If you met Kurt today,

you’d be captivated by the handsome charm

and joie de vivre that has always identified him to many and also amazed at the determination and success of a man who in 2003, at 47 years of age, suffered a massive stroke that left him paralyzed on the right side and unable to speak or process language in any intelligible way.

Growing up on Long Island, New York, he spent his summers clamming and surfing. After graduating from Farmingdale college, he fled the cold winters of the Northeast and followed the surf to san Diego. For some years he worked in the building industry and then returned to school for architecture. Before his stroke, he was an associate at KPA Associates Architectural firm in San Diego.

Kurt’s post-stroke prognosis was poor.

His neurosurgeon told Kurt’s wife, Kathy, that if Kurt survived he would likely remain in a vegetable state and unable to communicate or move himself around without great difficulty. It was with great difficulty that Kathy, a San Diego schoolteacher, told their children, Derek then 17, and Kaitlin 11, that a very different dad would be coming home. It was several months of extensive rehabilitation in hospital and nursing home facilities before Kurt was wheeled home.

Not long after, Kathy would come home to find Kurt attempting to complete home improvements the he had started before his stroke. Kurt crawled into the garage to retrieve a can of paint and roller and manage with his one functioning (and not dominant) hand to pry open the can and resume painting a bedroom wall started many months before. It was not altogether surprising from a man who, in early rehabilitation, tore out tubes and refused to use a walker,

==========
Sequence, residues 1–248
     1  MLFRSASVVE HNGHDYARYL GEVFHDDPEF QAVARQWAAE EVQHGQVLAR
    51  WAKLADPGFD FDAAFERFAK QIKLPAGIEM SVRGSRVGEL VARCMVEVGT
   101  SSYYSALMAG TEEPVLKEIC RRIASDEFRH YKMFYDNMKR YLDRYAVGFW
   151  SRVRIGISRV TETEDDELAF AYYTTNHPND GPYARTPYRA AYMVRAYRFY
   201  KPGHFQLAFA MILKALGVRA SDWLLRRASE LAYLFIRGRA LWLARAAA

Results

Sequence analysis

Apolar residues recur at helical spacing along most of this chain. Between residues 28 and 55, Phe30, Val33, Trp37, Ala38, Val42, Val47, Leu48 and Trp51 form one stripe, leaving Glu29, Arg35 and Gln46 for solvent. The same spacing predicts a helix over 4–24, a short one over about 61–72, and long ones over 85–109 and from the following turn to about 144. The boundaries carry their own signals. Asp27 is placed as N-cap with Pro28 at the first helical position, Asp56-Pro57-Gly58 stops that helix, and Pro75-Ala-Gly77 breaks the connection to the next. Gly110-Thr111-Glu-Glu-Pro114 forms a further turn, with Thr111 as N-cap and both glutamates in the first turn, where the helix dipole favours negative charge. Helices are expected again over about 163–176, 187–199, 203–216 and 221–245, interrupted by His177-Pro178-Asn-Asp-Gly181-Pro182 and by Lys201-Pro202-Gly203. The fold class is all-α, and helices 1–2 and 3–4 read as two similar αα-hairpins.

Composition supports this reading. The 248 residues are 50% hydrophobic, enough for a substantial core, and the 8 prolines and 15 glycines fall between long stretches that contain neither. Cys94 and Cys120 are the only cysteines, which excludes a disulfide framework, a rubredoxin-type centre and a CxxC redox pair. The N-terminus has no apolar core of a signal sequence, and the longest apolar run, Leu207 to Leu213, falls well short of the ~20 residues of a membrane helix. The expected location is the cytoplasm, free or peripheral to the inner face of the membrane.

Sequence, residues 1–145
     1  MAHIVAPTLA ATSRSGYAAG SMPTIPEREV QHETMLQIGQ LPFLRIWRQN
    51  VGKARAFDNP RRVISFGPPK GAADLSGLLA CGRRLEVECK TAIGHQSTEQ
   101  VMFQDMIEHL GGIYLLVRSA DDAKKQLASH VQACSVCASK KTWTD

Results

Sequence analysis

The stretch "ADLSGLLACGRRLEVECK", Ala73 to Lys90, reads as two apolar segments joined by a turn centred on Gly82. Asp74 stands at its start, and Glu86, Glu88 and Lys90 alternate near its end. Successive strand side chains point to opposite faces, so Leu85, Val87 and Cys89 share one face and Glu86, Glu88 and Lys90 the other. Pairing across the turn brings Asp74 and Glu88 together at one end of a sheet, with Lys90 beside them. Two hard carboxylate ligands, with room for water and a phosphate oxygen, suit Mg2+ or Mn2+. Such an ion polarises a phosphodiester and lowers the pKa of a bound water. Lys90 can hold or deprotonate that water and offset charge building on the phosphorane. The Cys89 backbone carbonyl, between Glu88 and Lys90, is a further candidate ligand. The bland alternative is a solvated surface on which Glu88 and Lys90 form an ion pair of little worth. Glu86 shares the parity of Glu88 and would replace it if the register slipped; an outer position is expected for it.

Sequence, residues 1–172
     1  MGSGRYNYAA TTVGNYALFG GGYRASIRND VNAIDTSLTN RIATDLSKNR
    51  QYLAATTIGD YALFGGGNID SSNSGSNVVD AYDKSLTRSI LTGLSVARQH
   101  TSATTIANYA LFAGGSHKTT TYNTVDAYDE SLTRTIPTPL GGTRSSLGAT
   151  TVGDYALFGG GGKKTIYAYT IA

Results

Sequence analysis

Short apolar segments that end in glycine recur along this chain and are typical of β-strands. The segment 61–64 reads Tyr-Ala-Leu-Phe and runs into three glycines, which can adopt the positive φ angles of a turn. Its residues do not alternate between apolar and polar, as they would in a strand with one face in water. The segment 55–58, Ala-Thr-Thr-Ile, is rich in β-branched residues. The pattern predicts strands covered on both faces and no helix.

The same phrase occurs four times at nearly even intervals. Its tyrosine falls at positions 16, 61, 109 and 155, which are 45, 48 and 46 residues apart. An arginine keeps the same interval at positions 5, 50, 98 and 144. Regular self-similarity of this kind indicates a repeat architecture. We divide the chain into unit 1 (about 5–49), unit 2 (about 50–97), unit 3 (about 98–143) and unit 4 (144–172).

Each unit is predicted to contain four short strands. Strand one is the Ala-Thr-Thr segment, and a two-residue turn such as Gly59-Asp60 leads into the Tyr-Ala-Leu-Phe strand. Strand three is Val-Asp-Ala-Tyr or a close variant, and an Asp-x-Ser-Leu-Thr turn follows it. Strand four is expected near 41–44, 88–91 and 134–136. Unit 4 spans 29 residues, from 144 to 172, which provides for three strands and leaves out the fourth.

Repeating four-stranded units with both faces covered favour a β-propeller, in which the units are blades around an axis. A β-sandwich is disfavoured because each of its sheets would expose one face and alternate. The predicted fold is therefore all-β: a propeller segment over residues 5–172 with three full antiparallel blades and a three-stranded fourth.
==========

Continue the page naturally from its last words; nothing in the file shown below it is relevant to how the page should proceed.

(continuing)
instead insisting on holding the nursing home hand rails and dragging his legs up the hallways.

Kurt returned to his art.

First drew practical things like the gate a friend would help him build, the new lighting plan for his living room, or his art studio. And then he drew for himself. He drew and painted the kinds of things that he never quite found the time to paint before his stroke: animals, people, buildings, landscapes, seascapes, and still like arrangements. Initially he worked with watercolors using a very dry brush for added control. In no time at all he was recreating what he saw with the precision and accuracy of an architect, and the beauty and grace of an artist. Kurt now often works in oil paints. This has given him much joy.

And then, inconceivably, eleven years ago Kathy dies in her sleep of an epileptic seizure.

Kathy’s death brought great sadness to a community and shock to a family that relied upon her in so many ways. it has been a long and rough road for this disabled widower and his young family, but courage and the strength of their love for one another has gotten them through many difficulties.

The damage to his brain where language resides also prevents Kurt from fully understanding what others say or write. While very determined and able, he still relies daily on friends and friends for many tasks, mostly those where language and communication are involved. Most often Kurt expresses himself with a few words, sounds, and drawings in a process that looks a lot like charades. And he paints. Everyday. Using his now-adept left hand, he holds with confidence the brush and places bit after bit of color, creating more beauty and personal joy with every brushstroke.

Buy Kurt’s merchandise by clicking the link below.